Occurrence and distribution of phosphorus fractions in sediments of Liangzi Lake under typical hydrodynamic conditions.Environ Sci Process Impacts. 2015 Aug; 17(8):1433-42.ES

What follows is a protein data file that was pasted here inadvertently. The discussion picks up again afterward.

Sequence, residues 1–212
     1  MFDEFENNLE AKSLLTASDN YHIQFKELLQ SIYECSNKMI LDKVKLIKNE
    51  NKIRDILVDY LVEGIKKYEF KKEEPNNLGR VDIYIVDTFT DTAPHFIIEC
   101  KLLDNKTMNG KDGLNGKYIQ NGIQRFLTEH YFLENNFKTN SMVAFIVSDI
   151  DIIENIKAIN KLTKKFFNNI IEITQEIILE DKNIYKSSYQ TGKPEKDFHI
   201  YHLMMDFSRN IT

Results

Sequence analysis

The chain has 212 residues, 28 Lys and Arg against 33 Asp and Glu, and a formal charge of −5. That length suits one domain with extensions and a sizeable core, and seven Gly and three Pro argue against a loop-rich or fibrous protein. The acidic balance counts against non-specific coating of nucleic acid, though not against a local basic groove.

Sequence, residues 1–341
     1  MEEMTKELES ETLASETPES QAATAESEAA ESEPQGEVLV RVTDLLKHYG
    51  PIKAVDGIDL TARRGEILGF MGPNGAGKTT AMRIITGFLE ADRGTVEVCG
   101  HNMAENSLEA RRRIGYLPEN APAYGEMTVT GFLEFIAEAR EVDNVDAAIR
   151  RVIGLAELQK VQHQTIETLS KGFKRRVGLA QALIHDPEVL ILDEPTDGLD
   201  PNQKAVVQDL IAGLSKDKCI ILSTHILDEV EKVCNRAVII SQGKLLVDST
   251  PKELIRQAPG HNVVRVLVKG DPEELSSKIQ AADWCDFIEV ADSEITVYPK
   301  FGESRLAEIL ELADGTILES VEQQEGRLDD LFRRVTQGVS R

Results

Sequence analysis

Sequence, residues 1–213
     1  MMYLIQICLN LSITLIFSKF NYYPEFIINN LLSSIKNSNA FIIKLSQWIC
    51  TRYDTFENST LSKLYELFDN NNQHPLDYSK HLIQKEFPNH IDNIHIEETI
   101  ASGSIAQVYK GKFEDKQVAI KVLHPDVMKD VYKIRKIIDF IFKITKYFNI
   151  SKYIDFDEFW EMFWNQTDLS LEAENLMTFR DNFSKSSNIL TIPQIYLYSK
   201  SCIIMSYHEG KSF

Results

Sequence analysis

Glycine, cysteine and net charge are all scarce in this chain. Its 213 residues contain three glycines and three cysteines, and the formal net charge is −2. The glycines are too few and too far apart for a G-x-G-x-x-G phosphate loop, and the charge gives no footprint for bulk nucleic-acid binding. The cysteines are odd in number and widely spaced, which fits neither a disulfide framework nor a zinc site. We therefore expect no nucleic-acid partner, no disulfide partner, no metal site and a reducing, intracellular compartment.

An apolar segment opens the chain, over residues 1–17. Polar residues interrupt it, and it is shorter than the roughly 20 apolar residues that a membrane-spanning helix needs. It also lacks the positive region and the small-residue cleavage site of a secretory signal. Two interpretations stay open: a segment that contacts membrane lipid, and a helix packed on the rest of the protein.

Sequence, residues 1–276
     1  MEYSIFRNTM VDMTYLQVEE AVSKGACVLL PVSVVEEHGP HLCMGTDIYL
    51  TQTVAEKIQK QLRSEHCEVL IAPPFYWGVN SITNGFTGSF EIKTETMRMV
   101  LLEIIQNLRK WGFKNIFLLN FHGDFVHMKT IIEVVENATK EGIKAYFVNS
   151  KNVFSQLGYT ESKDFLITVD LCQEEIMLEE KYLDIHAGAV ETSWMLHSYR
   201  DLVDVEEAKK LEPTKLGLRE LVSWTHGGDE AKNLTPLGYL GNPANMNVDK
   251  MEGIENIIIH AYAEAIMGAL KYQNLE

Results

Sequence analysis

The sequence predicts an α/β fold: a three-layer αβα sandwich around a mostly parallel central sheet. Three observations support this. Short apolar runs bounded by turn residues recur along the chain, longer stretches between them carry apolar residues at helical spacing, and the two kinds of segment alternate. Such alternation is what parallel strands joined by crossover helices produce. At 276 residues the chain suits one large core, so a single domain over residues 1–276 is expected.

Understanding the transformation and chronological accumulation of phosphorus (P) forms under typical hydrodynamic conditions of a lake is important for clarifying the process of lake evolution and eutrophication. The occurrence and distribution of sediment P fractions (total, TP; inorganic, IP; and organic, OP), phytate content, and phytase activity at different profile depths (0-8 m) and parent material ages (0.8-11 ka BP) were examined at different ecological locations (inlet, outlet, and center) of the freshwater Liangzi Lake in Hubei Province, China. Sediment P-forms at locations of different hydrodynamic conditions increased from the inlet to the outlet. IP constituted ∼40-71% of TP, whereas the OP content was generally lower in the sediment. The two forms of IP extracted by HCl and NaOH varied quantitatively with depth and location: HCl-P ≈ NaOH-P (above 0.8 m) or HCl-P > NaOH-P (below 0.8 m) at the inlet; HCl-P > NaOH-P (above 0.8 m) and HCl-P ≈ NaOH-P (below 0.8 m) at the outlet; and HCl-P < NaOH-P at the center of the lake. Compared with labile and moderately resistant OP, moderately labile OP exhibited substantial quantitative changes and occurred at high levels. The variation trend in the phytate content coincided with that of TP, whereas phytase activity varied inversely with location. Low levels of P forms occurred in the sediment below 4.5 m and before 8.6 ka BP, consistent with the oligotrophic period of the lake. During 2-4 ka BP, the P forms first increased rapidly and then stabilized thereafter. From that time period until modern times, TP and phytate increased, whereas IP and OP decreased significantly. The results indicate that the hydrodynamic conditions of the water bodies and the sediments of different ages strongly influenced the occurrence and distribution of sediment P forms, and the sediment TP and phytate contents would be candidate indices to reflect the P input and eutrophication history of freshwater lakes.